Normally, when discussing NBA players, the conversation focuses on basketball stats, not NASA internships and graduate courses. But Jaylen Brown is different. The Boston Celtics guard has long been considered a different kind of athlete. Some coaches weren’t sure how he’d do under their leadership. But Brown is intelligent, well-spoken, and socially conscious.
He sees his platform as a way to bring awareness to issues, including social justice initiatives. And Brown is actively involved in the National Basketball Players Association as the youngest member of the executive committee. Brown is part of a new wave of superstars who play the game they love while speaking out on injustices and inequality.
Jaylen Brown’s background
Brown was a high school standout and had big-name colleges after him. Instead of choosing basketball powerhouses Duke Blue Devils or Kentucky Wildcats, he headed to the University of California, Berkeley. There, he took graduate-level classes and worked on his basketball game and intellect. Always considered a gifted child, Brown told GQ that he was a victim and beneficiary of the U.S. educational system:
“Putting kids on a certain track throughout schooling — gifted, accelerated, regular classes — it’s a track you stay on pretty much for your whole career, which impacts your social mobility in the future. In America, you pay for your education…. It’s hidden, but it’s clear as day.”
In his only year playing for the Golden Bears, Brown averaged 14.6 points, 5.4 rebounds, and 2 assists per game. In the 2016 NBA draft, the Boston Celtics selected him as the third overall pick.
Brown’s dinner table
So with Brown giving talks at Harvard University and earning a fellowship at the MIT Media Lab, GQ asked him a simple question: If you could have dinner with any three people in history, who would they be? Considering his educational background, Brown’s answers aren’t surprising. After thinking it over for a bit, he came up with four answers: Harriet Tubman, Nelson Mandela, Malcolm X, and Albert Einstein.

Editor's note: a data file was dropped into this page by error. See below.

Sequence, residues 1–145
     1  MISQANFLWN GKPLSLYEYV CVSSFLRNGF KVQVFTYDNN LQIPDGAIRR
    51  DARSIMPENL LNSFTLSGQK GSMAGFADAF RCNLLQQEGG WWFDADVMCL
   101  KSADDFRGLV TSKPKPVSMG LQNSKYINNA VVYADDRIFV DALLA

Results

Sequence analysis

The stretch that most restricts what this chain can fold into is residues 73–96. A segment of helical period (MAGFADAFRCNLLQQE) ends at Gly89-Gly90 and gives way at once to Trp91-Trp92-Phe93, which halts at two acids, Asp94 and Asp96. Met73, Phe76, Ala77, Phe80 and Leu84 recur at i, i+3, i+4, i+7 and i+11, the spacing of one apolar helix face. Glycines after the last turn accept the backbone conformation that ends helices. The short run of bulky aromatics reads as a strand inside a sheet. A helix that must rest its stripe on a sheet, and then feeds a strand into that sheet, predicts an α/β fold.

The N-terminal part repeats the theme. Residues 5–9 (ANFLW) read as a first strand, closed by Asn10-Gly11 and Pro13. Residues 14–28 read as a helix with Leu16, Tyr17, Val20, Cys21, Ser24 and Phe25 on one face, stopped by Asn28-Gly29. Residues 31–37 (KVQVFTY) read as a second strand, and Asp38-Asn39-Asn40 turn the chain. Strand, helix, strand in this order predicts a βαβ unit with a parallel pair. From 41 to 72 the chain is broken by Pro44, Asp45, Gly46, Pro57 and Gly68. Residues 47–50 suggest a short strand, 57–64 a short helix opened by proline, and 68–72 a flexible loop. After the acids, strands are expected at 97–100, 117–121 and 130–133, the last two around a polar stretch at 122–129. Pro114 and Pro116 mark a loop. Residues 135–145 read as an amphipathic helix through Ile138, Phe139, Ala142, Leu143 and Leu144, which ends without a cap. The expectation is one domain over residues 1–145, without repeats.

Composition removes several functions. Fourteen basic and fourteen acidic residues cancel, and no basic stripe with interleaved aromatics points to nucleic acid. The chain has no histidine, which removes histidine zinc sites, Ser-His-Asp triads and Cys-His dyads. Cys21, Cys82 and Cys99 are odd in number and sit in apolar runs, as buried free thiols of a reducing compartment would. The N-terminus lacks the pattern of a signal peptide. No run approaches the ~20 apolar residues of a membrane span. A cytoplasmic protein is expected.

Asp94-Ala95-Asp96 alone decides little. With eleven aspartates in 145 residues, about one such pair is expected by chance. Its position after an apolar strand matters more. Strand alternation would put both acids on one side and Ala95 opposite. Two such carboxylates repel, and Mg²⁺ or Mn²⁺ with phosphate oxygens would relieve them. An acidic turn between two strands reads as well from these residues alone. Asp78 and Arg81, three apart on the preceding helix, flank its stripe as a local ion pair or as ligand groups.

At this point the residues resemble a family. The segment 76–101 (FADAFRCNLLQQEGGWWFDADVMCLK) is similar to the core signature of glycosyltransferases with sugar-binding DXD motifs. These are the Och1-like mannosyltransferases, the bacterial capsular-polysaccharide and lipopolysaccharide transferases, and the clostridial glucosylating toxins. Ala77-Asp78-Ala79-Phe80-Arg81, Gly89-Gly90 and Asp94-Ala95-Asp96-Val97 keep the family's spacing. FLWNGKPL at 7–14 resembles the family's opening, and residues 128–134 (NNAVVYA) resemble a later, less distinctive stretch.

Brown’s answers are reflective of his personality. The activist is also heavily into math and science. Maybe his combination of brains and physical prowess has something to do with his parents. His mother, Mechalle, earned her Ph.D. and later worked as a professor. His father, Marselles, was a professional heavyweight boxer and holds the 2016 World Boxing Union Championship.
Jaylen Brown, the activist and leader
One thing Brown prioritizes is to speak up on racial injustices. Before the NBA bubble and shortly after George Floyd’s death, Brown drove from Boston to Atlanta to participate in peaceful protest. While secluded in the NBA bubble and the country faced further racial turmoil, Brown questioned his decision to play. Was coming to Orlando the right move? How could he have this large platform but not join in any protests?
While some players were upset when the Milwaukee Bucks refused to play a game, Brown quickly spoke up and supported them. He understood why players felt the way they did and tried to convey their feelings to the group.
He’s also very involved in the NBA’s Black Lives Matter movement that took place in the bubble. Many of the ideas used to present awareness of the movement, like the anti-racism slogans, were his idea. Brown is trying to make it a point to not only play his hardest on the court but to also use his celebrity as a way to bring attention to issues that are close to his heart.